Soon after I was “hired,” I was contacted via email by their training manager. The gentleman listed out what the training entailed, which was me reading their training manual and answering the questions he provides for each chapter every day. There were 12 chapters in the book, so we were communicating with each other daily. I felt good about this situation. I read the training material, took it seriously, and answered back as thoroughly as possible. Every day he would email me with glowing reviews of my work. There was communication and official letterhead emails from the company. I thought this was legit, and I was doing well!! After the 12 chapter reading assignments/answers, I was given a final 10 question test that encompassed the entire training manual. After a few days, I was assured I had passed all the testing phases and the training manager was waiting for final confirmation from his bosses on when to move forward. A week went by and I heard nothing back, so I sent few reminder/hello emails to the gentleman to stay on track for this position. He never returned any of my emails. He had ceased all communications with me and he had disappeared into the wind. I was hurt and saddened. Shame on them. However, this is only part of my story, the more of an inconvenience section. The next part of my ordeal hurt me much more, both emotionally and financially. It is in the next part that I lost some of my faith in myself as well as in society.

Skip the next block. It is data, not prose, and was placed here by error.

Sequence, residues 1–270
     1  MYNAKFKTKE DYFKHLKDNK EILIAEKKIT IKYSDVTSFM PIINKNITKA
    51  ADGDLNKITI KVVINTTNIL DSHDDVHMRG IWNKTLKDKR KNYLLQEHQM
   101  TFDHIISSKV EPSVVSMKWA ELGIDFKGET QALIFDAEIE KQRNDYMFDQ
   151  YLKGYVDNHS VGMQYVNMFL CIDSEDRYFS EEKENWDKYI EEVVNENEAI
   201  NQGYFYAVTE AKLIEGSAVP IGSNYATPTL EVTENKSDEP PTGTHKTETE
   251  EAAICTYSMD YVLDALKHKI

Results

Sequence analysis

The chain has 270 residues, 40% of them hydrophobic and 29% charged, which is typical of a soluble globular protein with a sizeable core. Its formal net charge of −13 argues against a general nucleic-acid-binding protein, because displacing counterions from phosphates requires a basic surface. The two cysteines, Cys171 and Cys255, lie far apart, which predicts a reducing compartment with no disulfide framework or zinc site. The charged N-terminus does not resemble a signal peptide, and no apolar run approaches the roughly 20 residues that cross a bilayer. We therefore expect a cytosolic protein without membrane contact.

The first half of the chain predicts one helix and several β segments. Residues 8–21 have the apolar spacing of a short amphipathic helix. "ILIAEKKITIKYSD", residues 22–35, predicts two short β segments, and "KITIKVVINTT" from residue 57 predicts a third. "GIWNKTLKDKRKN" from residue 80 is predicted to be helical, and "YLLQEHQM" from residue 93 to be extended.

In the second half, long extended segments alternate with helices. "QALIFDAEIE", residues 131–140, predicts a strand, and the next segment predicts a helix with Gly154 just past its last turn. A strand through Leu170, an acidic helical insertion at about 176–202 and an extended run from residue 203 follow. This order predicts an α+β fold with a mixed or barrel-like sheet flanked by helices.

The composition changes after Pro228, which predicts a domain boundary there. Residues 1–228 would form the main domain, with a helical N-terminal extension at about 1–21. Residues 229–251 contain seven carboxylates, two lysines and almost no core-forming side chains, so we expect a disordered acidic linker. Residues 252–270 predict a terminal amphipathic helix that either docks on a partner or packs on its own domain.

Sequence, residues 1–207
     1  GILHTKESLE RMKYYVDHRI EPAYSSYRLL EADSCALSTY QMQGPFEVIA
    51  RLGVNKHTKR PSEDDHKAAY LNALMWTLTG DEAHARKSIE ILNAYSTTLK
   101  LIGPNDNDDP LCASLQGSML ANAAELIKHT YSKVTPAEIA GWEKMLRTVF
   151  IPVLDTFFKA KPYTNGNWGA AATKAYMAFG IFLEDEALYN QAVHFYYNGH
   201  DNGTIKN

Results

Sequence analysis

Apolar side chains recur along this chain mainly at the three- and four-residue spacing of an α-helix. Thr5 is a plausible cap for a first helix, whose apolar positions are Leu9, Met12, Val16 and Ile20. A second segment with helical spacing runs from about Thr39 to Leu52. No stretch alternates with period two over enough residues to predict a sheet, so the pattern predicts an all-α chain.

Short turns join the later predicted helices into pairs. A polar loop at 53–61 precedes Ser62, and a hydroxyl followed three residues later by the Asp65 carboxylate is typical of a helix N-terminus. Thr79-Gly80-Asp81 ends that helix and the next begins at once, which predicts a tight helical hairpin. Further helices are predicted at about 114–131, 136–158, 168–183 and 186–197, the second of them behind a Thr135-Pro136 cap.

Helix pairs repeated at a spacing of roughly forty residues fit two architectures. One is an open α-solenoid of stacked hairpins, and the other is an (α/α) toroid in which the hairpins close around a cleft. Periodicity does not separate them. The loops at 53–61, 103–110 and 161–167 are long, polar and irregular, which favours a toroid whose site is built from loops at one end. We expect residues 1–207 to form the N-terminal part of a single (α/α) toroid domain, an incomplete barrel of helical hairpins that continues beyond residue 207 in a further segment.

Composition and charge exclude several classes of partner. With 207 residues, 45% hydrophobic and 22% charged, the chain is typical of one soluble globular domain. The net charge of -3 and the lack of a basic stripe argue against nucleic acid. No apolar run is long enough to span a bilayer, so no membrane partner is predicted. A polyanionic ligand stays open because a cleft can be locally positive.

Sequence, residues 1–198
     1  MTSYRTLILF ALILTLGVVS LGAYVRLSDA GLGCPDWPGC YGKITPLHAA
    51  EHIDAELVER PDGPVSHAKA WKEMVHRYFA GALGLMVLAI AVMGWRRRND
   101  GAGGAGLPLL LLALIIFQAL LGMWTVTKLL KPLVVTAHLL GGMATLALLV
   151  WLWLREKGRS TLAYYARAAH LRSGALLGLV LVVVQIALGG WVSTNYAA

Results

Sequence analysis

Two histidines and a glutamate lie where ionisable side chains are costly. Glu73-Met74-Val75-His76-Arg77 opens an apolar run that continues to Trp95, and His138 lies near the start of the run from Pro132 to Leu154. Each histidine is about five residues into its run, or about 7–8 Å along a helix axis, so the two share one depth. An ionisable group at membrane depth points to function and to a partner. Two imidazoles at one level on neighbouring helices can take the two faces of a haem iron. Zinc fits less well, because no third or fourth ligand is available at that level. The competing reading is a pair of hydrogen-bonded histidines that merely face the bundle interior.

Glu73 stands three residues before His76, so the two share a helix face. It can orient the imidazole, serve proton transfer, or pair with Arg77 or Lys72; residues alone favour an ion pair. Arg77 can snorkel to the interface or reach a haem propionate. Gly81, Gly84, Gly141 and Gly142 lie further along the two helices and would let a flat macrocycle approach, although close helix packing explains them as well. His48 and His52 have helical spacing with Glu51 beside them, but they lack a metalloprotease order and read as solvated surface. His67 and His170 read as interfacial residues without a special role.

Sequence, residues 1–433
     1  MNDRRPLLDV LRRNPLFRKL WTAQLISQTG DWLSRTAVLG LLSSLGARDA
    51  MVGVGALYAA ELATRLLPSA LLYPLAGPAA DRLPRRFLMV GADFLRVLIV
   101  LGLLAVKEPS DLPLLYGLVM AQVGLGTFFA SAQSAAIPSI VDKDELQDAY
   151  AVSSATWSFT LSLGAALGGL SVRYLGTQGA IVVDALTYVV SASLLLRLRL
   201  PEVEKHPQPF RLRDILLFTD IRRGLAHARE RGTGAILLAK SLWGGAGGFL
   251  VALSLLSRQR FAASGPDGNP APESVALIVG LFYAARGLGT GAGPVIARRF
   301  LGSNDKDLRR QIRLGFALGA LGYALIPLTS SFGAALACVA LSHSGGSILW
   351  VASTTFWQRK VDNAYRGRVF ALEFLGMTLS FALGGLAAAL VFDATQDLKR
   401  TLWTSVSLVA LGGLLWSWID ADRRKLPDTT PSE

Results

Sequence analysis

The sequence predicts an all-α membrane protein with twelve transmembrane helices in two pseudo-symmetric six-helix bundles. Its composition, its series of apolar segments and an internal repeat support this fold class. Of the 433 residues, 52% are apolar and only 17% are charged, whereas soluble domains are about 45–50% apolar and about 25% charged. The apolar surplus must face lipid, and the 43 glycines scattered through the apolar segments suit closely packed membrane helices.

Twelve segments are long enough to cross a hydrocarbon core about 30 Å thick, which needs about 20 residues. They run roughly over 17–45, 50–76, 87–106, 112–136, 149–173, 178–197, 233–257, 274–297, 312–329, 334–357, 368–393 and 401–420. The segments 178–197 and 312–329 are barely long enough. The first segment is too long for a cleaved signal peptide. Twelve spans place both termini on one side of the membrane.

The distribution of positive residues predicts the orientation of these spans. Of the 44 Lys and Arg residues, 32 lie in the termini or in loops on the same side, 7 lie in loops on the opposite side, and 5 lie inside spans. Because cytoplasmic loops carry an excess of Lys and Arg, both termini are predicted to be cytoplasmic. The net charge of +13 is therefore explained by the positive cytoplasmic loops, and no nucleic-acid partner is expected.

Concurrent to communicating with the training manager daily for almost three weeks, I was in contact with their “project manager.” His job, in connection to my daily reading tasks, was to perform projects or tasks that were related to my upcoming job. Again, I was communicating with this gentleman daily through email, and even by phone on occasion. His responsibility was to get me familiar with practical project functions in real world applications. He would email me guidelines on how to perform projects and make it applicable in an actual setting. As a few days went by, he had given me the task, seemingly based on my competency so I thought, of visiting three separate Apple stores in my area and making purchases in preparation for the new office that was to open in my area. I was to be compensated $2,000 with the successful completion of this phase (that’s $4,000 bonus money promised to me altogether). Here is the kicker: I was to purchase Apple gift cards with my personal credit card up to my allowable limit, and I was to break the purchases up into smaller denomination gift cards, not just one large denomination gift card at each store. He had sent me “official company guidelines” on the reasoning for the use of personal a credit card instead of using an official company credit card. He asked me what my purchasing limit was for my card, which should have been a warning sign to me in retrospect. I guess I was too enthused in getting this job that I was partly blinded on some of the details. He even sent me guidelines on what type of computers I was to purchase once all the gift cards were collected. Again, all the emails and guidelines and so forth were used with official company letterhead and graphs and documents. It looked legit to me and felt it. I was then to send the gift card information over to him through email, then I would be reimbursed the amount of purchase from bank-to-bank transfers from their financial institution to mine.